We all want to get the most out of our money and not sacrifice quality. When it comes to purchasing clothes, you can train yourself to spot shoddy construction, identify cheap materials, and make informed decisions. It takes time and personal experience, but the investment is worthwhile. Here are five things to look for when you’re considering a clothing purchase:
1. Sewing: Look for loose threads and broken stitches. Also remember that a higher density of stitches per inch is generally better, and stitching should be relatively tight, not not so much that it prevents the garment from moving freely. Serged seams or double straight seams are generally stronger and, therefore, preferrable to single straight seams. At Midori, we use serged seams and double straight seams to provide longevity for our bamboo clothing.
2. Material: Everyone has her own material preferences, but in my opinion natural fibers are always a good bet. Wool, silk, cotton, and linen, and bamboo viscose beat out nylon, polyester, and acetate any day. Not to mention they are usually gentler on your skin and on our planet.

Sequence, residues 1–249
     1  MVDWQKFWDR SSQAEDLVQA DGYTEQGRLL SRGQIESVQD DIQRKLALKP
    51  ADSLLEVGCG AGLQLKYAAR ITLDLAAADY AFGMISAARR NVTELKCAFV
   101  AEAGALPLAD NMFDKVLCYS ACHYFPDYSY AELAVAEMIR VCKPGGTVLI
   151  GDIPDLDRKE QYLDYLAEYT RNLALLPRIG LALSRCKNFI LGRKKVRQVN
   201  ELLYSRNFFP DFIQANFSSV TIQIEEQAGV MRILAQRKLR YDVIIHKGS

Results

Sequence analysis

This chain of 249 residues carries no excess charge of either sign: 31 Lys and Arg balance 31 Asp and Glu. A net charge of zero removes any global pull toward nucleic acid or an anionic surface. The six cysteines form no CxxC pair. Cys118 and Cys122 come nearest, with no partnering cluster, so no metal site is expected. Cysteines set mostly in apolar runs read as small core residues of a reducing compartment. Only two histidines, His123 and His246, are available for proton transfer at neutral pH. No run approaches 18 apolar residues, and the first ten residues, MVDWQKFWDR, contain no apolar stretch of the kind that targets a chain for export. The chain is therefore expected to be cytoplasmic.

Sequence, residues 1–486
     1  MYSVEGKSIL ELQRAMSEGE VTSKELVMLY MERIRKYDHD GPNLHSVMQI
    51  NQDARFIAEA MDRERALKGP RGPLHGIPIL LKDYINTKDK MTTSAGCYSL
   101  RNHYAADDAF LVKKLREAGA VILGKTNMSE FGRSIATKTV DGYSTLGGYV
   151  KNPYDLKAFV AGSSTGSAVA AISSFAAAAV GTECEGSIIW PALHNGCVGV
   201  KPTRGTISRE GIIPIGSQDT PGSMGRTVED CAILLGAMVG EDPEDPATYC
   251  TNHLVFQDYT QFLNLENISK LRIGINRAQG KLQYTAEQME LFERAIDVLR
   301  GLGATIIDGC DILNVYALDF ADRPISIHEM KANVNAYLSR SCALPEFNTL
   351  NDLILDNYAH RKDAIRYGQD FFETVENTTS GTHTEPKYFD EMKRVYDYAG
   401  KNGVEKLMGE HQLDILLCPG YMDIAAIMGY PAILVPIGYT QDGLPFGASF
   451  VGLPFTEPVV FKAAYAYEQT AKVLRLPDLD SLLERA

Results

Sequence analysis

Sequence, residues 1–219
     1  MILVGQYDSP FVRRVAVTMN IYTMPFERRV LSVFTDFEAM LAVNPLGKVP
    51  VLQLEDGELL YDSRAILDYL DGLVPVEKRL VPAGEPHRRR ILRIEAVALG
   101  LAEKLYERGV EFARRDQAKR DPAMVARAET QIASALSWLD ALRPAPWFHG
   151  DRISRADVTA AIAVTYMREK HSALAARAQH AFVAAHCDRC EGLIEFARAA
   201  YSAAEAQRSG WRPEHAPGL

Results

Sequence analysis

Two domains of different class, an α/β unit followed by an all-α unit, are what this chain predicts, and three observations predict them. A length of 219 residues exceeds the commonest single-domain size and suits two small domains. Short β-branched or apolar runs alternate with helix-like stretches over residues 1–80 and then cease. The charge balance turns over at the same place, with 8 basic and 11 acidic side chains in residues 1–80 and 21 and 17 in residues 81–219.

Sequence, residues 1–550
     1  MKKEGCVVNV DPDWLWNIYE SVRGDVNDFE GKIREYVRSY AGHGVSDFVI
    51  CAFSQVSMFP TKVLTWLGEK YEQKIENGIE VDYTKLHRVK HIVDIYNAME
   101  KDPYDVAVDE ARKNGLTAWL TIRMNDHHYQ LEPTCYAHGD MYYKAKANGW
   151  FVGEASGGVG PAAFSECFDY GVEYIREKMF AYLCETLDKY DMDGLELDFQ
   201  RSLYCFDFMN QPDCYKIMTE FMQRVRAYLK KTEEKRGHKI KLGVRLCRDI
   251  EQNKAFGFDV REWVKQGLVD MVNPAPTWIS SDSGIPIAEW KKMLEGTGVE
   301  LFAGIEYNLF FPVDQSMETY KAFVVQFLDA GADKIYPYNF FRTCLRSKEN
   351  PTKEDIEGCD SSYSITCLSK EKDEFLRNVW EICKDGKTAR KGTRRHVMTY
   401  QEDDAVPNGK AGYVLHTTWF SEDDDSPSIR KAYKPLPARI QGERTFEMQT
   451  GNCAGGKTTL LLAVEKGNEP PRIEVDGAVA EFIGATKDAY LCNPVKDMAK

3. Weight: Heavier is not necessarily better. A wool blazer that weighs next to nothing likely lacks a lining, real pockets, and quality notions. It may also be constructed from a flimsy textile. Heavier cottons age better, dense linens last longer … not foolproof, by any means, but if you pick up a garment that SHOULD feel heavy and dense but doesn’t, keep looking. On the other hand, there are silk blouses and bamboo tops that are feather-weight and are well worth purchasing.
4. Stains, rips, and other obvious damage: Garments can get ruined in department stores more easily than they can get ruined in boutiques. Don’t forget to give your potential purchase the visual check.
5. Care instructions: ALWAYS check care instructions. A “dry clean only” garment will cost you far more in the long haul than its retail price. But bear in mind, too, that repeated trips to a lousy dry cleaner can ruin a garment – stiffen, shrink, or otherwise alter its original condition. So examine care instructions and construction with the same rigor. All of our Midori bamboo clothes are washable either in gentle cycle or by hand. For more longevity, hang dry instead of putting in the dryer. That’s what you should try to do with all delicate items in your wardrobe.